• While referring now to FIG. 2, it is to be appreciated that an important aspect of the present invention is the identification of operational volumes 34 which are defined in the stroma 28. Although the operational volumes 34 are shown in cross-section in FIG. 2, they are actually three-dimensional, and extends from an anterior surface 36 that is located at a distance 38 below Bowman's capsule 26, to a posterior surface 40 that is located at a distance 41 from the endothelium 32. Both the anterior surface 36 and the posterior surface 40 essentially conform to the curvature of the stroma 28. For a more exact location of the anterior surface 36 of the operational volumes, the distance 38 will be about ten microns. For the posterior surfaces 40, the distance 41 will be about one-hundred-fifty microns.
  • In FIG. 3, incisions 44 a-44 f are made in a plurality of operational volumes 34 a-34 f as envisioned for the present invention. Although six different volumes 34 a-34 f are shown in FIG. 3 (also FIGS. 6D and 6E) it will be appreciated by the skilled artisan, this is only exemplary and presented here for purposes of disclosure. More specifically, for third order aberrations only three volumes 34 need to be identified. In any event, the exact number of volumes 34, and their respective radial distances from the visual axis 14 for any specific higher order aberration can be ascertained from the well known Zernike polynomials. As shown, for each operational volume 34 a-34 f, a plurality of incisions 44′, 44″ and 44′″ are made, though there may be more or fewer incisions 44, depending on the needs of the particular procedure. With this in mind, and for purposes of this disclosure, the plurality in a selected volume 34 will sometimes be collectively referred to as incisions 44. Further, as shown in FIG. 3, six operational volumes have been identified. However, any number of operational volumes 34 may be used for the present invention.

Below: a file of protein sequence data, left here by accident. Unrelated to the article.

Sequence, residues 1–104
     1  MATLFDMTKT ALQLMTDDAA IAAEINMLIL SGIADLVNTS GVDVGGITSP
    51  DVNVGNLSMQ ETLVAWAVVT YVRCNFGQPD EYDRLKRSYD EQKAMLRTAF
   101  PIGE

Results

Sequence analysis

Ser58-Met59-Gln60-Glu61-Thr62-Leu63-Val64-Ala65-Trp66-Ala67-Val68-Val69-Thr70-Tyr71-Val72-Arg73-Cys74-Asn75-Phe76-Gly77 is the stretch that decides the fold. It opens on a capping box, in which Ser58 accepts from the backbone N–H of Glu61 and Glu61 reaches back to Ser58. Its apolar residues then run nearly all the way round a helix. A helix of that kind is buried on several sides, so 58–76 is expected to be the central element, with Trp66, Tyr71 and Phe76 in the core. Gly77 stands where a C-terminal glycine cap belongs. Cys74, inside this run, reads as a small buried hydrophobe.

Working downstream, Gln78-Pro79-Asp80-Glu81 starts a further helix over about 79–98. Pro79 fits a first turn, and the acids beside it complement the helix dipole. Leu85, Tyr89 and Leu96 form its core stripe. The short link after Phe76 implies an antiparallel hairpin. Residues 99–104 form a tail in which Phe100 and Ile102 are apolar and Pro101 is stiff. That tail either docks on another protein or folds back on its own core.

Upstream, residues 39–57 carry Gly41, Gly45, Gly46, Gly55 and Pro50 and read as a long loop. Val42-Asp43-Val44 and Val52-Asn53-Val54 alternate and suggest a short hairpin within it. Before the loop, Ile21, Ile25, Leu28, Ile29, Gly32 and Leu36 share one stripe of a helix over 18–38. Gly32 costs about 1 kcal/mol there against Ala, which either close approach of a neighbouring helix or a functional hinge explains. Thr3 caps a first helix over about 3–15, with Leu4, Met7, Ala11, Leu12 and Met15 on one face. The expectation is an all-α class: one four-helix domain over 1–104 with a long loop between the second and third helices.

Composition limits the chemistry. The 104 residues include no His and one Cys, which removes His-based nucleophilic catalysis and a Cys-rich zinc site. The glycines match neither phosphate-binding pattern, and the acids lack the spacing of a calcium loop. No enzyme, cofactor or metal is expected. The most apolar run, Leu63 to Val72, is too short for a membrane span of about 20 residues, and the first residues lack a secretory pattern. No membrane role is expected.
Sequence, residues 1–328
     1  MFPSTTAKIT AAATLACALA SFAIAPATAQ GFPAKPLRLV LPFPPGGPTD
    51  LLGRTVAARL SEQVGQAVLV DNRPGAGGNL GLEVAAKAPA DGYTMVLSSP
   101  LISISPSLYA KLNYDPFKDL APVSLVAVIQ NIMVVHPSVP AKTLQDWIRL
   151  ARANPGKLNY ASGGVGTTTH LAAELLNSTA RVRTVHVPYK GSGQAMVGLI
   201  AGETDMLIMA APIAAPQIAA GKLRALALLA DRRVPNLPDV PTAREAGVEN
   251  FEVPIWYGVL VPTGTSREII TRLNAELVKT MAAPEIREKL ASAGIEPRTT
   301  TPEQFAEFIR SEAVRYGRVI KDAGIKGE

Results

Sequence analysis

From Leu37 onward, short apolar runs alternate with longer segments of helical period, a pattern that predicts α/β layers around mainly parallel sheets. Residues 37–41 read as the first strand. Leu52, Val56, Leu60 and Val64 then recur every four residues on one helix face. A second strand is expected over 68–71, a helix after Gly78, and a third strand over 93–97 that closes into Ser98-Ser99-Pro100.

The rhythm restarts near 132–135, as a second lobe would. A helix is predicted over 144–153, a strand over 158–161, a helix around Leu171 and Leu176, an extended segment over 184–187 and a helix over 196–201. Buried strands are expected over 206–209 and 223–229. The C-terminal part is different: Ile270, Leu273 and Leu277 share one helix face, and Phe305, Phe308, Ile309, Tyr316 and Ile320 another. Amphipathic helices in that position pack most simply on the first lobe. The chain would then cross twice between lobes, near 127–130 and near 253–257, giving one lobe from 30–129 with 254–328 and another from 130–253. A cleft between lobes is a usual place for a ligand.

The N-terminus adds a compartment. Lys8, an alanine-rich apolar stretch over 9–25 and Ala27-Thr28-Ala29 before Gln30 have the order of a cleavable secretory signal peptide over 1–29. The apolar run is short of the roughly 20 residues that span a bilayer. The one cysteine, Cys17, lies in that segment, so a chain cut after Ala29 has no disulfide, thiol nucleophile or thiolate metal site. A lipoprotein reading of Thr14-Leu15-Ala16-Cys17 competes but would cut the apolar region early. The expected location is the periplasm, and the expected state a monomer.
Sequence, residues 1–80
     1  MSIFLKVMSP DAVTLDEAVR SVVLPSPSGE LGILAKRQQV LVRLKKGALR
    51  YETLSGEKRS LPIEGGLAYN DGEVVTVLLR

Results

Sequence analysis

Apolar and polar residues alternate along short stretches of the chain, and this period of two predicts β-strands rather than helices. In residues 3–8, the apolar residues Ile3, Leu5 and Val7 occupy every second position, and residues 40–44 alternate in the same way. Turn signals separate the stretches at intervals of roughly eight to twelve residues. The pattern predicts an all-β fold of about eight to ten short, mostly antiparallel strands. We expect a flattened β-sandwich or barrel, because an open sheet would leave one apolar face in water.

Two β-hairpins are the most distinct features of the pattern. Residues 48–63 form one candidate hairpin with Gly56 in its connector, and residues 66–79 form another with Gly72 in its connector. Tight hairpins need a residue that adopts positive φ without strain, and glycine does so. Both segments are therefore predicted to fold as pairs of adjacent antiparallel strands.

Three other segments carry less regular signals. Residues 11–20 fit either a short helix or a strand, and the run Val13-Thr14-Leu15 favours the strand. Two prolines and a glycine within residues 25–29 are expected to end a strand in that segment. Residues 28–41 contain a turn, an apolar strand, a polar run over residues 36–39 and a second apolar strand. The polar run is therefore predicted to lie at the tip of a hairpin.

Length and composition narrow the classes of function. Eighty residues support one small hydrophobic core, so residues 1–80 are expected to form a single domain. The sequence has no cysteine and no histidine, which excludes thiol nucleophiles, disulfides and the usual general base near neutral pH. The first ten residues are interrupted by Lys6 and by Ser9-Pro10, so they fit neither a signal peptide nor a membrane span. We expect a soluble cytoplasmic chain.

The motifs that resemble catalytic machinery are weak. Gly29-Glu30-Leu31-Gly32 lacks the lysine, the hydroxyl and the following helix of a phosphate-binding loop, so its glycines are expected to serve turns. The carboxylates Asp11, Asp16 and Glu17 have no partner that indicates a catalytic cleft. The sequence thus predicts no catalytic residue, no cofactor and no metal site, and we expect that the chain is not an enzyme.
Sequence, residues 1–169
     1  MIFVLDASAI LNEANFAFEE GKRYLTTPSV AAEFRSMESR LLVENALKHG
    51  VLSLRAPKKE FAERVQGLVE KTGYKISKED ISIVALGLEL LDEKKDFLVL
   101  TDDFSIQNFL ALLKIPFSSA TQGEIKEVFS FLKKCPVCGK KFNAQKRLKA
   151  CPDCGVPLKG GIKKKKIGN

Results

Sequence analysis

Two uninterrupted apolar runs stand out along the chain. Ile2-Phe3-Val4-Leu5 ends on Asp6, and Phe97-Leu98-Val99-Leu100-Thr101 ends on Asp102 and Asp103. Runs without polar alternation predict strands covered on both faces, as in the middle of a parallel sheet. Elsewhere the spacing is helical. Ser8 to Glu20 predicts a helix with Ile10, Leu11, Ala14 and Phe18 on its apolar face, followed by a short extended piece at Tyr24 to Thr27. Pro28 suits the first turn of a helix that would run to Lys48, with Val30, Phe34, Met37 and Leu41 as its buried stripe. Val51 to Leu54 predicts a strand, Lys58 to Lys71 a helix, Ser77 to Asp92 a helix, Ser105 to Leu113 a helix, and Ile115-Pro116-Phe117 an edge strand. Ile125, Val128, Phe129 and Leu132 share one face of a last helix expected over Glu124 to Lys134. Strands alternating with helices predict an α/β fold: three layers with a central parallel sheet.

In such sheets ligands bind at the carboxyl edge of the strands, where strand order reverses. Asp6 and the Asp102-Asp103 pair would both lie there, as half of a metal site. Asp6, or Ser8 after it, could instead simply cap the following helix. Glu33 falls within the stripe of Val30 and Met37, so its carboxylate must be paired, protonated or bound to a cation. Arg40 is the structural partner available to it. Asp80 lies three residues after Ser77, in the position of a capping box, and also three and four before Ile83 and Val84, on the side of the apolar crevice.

• As shown in FIG. 3, the exemplary incisions 44 for each operational volume 34 are made on respective cylindrical surfaces. Although the incisions 44 are shown as circular cylindrical surfaces, these surfaces may be oval. When the plurality of incisions 44 is made in the stroma 28, it is absolutely essential that it be confined within the respective operational volume 34. With this in mind, it is envisioned that incisions 44 will be made by a laser process using the laser unit 10. And, that this process will result in Laser Induced Optical Breakdown (LIOB). Further, in the illustrated embodiment, it is important these cylindrical surfaces be concentric, and that they are centered on a respective central axis 45 a-45 f distanced from and parallel to the visual axis 14.